It’s late in the afternoon as I sit by my living room window trying to absorb some of the waning light at the end of a long week. The sky is blue and the sun streams down on my warming the back of my neck while the large window protects me from the chill of the spring wind that is rustling the newly budding leaves on the lemon trees in my backyard. I sit with my legs kicked up on our modern couch nestled against the wall. I have been eyeing this yellow package for the past thirty minutes while I finish up my debriefing recruiting call. I am keenly aware that inside the envelope is Sheryl Sandberg and Adam Grant’s new book Option B, and I am eager to begin reading. I say “Have a good weekend” to my colleagues and hang up. A large ripping sound echoes through the air as I tear open the package, and there it is. I open the book and see that Sheryl has written a quick note to me and find myself instinctively smiling due to her kind words. I quickly commence with reading the introduction. It has been a long wait, and I am eager to begin my journey.
Page one and I am instantly propelled into Sheryl’s life and recent, devastating loss. I can visualize the beach and pool on her vacation in Mexico as she describes her husband’s shocking death. I easily become a witness to her story as she readily conveys her thoughts and feelings to her readers. My emotions are tethered to hers as she walks her readers back in time, and my eyes well up confronted by the painful reality of that moment for her. I am only 230 words into her story and I am hooked. I continue reading for the next thirty minutes until my son drags me away to play a quick game of catch with him.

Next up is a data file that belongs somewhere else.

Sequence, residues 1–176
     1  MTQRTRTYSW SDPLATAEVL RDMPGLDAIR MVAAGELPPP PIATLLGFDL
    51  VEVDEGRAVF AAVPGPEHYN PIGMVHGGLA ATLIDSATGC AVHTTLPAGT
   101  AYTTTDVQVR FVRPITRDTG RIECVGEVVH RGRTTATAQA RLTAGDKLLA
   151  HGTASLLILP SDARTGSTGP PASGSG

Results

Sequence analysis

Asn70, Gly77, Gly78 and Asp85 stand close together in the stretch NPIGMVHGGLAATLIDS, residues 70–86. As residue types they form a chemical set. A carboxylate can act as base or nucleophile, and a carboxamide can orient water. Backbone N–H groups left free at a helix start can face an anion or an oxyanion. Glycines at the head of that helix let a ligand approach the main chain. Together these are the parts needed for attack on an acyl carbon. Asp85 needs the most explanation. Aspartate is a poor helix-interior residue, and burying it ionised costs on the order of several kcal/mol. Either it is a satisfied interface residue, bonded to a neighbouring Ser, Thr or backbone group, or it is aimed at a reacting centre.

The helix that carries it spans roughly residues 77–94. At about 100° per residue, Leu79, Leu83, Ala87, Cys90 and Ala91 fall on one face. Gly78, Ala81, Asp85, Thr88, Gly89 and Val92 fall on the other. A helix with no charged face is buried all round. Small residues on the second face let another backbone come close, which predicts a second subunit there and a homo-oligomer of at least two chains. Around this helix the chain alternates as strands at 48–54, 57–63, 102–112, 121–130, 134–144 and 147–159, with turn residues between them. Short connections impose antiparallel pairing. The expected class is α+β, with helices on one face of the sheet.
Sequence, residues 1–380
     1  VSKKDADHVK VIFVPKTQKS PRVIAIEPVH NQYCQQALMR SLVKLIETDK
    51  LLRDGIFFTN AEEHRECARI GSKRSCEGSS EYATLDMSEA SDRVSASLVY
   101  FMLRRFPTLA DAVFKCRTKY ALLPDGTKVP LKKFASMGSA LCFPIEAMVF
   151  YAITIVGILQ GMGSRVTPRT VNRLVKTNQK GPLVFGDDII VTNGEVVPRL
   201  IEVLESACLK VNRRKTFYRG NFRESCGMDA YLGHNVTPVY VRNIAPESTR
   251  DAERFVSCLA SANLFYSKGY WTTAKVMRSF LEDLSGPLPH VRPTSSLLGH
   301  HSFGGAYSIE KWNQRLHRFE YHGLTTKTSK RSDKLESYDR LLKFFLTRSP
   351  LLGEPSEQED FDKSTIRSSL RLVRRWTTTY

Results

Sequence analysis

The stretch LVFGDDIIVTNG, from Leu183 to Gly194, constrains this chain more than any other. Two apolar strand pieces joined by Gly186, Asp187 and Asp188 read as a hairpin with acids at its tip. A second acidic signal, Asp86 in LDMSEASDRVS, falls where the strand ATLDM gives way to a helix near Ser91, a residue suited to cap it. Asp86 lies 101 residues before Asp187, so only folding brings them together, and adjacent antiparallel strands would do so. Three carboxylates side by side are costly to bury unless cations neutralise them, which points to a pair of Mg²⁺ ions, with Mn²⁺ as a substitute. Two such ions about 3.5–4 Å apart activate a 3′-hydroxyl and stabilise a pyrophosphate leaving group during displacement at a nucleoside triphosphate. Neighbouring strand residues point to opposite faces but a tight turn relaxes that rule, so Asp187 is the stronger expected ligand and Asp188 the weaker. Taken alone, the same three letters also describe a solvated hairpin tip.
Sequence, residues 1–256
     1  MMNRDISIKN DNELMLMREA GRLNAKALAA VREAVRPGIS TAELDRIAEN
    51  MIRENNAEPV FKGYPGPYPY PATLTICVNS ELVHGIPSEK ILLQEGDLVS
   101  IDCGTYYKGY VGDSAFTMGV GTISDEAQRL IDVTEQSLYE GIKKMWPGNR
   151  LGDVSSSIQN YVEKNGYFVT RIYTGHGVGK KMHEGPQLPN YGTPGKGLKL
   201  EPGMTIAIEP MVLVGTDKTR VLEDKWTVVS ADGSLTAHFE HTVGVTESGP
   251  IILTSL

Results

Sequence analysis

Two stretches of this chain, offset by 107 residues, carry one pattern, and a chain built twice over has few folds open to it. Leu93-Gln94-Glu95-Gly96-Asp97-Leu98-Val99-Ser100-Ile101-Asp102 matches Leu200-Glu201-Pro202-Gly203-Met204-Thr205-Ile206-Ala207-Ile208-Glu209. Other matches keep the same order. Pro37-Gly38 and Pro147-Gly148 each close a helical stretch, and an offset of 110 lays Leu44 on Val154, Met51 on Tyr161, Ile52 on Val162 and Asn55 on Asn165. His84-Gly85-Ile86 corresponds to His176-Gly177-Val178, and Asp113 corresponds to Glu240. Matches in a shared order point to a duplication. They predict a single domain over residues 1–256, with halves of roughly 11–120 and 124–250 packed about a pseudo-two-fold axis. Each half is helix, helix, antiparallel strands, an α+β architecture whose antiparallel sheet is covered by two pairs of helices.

I spend the rest of Friday evening reading Sheryl’s book as I cannot put it down. Sheryl shares something so powerful about how people deal with incredible loss. I quickly realize that this is not just a story of resilience, but a guide on how to help others successfully overcome personal loss when they don’t know what to do. In Option B, Sheryl and Adam, display how we can better cope with direct loss in our lives and, even more importantly, support family members, friends, or colleagues face their own everyday challenges.